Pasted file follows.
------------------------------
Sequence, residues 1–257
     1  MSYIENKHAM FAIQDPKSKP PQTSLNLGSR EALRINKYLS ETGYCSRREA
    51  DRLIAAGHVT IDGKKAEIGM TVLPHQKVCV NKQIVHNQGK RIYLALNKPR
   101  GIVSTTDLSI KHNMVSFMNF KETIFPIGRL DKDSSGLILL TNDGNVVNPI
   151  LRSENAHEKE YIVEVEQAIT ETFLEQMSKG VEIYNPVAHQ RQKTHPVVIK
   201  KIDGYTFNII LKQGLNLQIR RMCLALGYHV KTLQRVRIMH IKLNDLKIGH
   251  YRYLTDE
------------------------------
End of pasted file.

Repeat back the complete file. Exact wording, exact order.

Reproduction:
Sequence, residues 1–257
     1  MSYIENKHAM FAIQDPKSKP PQTSLNLGSR EALRINKYLS ETGYCSRREA
    51  DRLIAAGHVT IDGKKAEIGM TVLPHQKVCV NKQIVHNQGK RIYLALNKPR
   101  GIVSTTDLSI KHNMVSFMNF KETIFPIGRL DKDSSGLILL TNDGNVVNPI
   151  LRSENAHEKE YIVEVEQAIT ETFLEQMSKG VEIYNPVAHQ RQKTHPVVIK
   201  KIDGYTFNII LKQGLNLQIR RMCLALGYHV KTLQRVRIMH IKLNDLKIGH
   251  YRYLTDE